"Drake also seeks recovery for what amounts to a tortious breach of contract. In addition to the failure to pay benefits under the policy, she claims that the company is also liable for what she characterizes, in the alternative, as a bad faith refusal to honor her claim, or as an intentional infliction of emotional distress."
Had the court reached the conclusion that, under no set of pleadings, a claim for what it called a tortious breach of contract could be asserted against an insurer, it would not have proceeded to determine whether the facts were sufficient to state that cause of action, but it did just that. The claim of tortious breach of contract was thrown out, not because such a claim could not be asserted under Wisconsin law against an insurer, but because the facts pleaded were insufficient.
While, in the context of Drake, the court's statement was undoubtedly dicta, because the question addressed was the sufficiency of the facts, the logic of the opinion leads inevitably to the conclusion that the court did not question that a cause of action for bad faith could be asserted under Wisconsin law. Moreover, it was apparent to the court that the denial of Drake's claim by the insurance company was the consequence of a dispute over an arguable interpretation of Wisconsin law. Accordingly, leave to plead over was denied.
The assumption of the court which shines through the Drake opinion is that, in a case where a claim was not fairly debatable, refusal to pay would be bad faith and, under appropriate facts, could give rise to an action for tortious refusal to honor the claim. Nevertheless, we recognize that this court has not explicitly held that such a claim may be asserted in an action brought by an insured against his own insurance company for failure to exercise good faith in settling the insured's own claim. We explicitly do so in this case and hold that such a cause of action may be pleaded and, under appropriate facts, may be proved, and that damages may be afforded.
As in Drake, the plaintiffs here assert two separate causes of action. One is for the simple breach of contract — the failure to pay the claim in accordance with the policy. The other cause of action the one with which we are concerned with here — sounds in tort although it arises out of a contractual relationship.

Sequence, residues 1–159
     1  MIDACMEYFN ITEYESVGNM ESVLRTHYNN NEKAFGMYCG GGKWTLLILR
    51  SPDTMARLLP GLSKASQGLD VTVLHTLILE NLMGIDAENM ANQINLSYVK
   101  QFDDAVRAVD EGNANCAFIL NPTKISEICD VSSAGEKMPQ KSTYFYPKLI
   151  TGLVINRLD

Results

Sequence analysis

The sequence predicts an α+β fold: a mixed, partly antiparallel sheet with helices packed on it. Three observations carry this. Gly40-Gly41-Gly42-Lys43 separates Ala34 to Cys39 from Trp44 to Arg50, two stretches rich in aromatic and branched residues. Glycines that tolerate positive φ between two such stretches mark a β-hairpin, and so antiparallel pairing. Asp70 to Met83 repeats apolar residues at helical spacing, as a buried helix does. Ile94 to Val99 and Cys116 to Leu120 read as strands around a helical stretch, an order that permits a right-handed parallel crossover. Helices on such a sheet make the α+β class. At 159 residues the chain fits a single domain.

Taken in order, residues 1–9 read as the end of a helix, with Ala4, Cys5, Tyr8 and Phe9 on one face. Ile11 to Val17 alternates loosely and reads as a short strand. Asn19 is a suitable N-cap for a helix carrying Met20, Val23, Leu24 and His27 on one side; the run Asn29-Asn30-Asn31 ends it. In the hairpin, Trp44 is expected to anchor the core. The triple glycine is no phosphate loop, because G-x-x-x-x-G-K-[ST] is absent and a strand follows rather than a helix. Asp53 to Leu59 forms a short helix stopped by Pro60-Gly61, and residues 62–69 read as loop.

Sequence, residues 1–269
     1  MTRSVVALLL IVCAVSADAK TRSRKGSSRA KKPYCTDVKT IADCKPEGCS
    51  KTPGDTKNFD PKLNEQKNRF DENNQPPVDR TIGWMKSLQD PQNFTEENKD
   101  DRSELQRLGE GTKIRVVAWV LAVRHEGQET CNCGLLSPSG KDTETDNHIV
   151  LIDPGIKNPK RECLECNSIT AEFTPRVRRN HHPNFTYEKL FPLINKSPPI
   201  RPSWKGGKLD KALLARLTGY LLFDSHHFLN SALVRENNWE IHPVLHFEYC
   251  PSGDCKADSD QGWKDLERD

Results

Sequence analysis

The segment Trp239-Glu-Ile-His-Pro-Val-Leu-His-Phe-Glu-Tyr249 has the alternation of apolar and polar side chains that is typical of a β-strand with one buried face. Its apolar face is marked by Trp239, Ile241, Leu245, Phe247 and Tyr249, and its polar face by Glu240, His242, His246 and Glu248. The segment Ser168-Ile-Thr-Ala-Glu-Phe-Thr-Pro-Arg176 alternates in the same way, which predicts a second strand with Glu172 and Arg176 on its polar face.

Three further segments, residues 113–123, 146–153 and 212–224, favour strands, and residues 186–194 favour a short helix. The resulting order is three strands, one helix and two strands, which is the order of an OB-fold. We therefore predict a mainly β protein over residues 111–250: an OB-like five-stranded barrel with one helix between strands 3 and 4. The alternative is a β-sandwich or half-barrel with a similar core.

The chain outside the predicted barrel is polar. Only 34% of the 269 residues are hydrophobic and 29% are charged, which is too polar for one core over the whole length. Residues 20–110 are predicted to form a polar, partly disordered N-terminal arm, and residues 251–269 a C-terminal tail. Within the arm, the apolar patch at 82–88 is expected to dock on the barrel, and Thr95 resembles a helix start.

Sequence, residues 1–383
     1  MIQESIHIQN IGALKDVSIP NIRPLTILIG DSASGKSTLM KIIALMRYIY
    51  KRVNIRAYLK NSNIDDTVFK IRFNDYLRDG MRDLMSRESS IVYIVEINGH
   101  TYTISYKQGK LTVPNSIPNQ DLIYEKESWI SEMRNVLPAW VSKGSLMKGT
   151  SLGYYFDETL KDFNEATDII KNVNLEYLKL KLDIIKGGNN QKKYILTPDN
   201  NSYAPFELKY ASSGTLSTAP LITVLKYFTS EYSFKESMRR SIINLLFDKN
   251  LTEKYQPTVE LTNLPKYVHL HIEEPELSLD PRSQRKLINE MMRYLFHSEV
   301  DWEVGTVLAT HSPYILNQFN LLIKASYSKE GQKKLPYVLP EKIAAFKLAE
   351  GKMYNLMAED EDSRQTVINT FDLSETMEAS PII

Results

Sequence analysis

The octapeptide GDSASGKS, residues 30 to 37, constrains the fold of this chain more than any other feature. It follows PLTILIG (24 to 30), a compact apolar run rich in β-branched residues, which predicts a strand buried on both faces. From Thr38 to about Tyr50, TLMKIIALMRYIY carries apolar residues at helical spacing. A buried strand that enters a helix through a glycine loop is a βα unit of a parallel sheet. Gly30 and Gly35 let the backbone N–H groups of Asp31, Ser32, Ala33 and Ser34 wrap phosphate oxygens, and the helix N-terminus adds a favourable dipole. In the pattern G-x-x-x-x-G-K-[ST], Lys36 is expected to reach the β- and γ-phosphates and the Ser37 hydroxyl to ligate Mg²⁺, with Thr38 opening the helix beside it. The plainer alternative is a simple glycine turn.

By virtue of the relationship between the parties created by the contract, a special duty arises, the breach of which duty is a tort and is unrelated to contract damages. This tort of bad faith or malicious and intentional harassment by one party to a contract directed toward the other party, who seeks to assert his contract claim, has been referred to as a "tortious breach of contract." Drake, supra at 983. While that term may be a convenient shorthand method of denominating the intentional conduct of a contracting party when it acts in bad faith to avoid its contract obligations, it is confusing and inappropriate, because it could lead one to believe that the wrong done is the breach of the contract. It obscures the fact that bad faith conduct by one party to a contract toward another' is a tort separate and apart from a breach of contract per se and it fails to emphasize the fact that separate damages may be recovered for the tort and for the contract breach.
When it is recognized that recovery is sought for the tort and not for the breach of contract, the cliches which are relied upon by the defendants — e.g., "Punitive damages are not allowed for a mere breach of contract" — become irrelevant. The question whether punitive damages are permissible thus is not to be disposed of on grounds that what the plaintiffs assert is a breach-of-contract action, but rather must be considered under a discussion of whether the facts surrounding the tort of bad faith evidence such conduct that punitive or exemplary damages are permissible. This question will be discussed later in the opinion.
We emphasize at this juncture only that the tort of bad faith is not a tortious breach of contract. It is a separate intentional wrong, which results from a breach of duty imposed as a consequence of the relationship established by contract. This rationale had its origin in an opinion of this court. Hilker v. Western Automobile Ins. Co., 204 Wis. 1, 231 N.W. 257, 235 N.W. 413 (1930, 1931).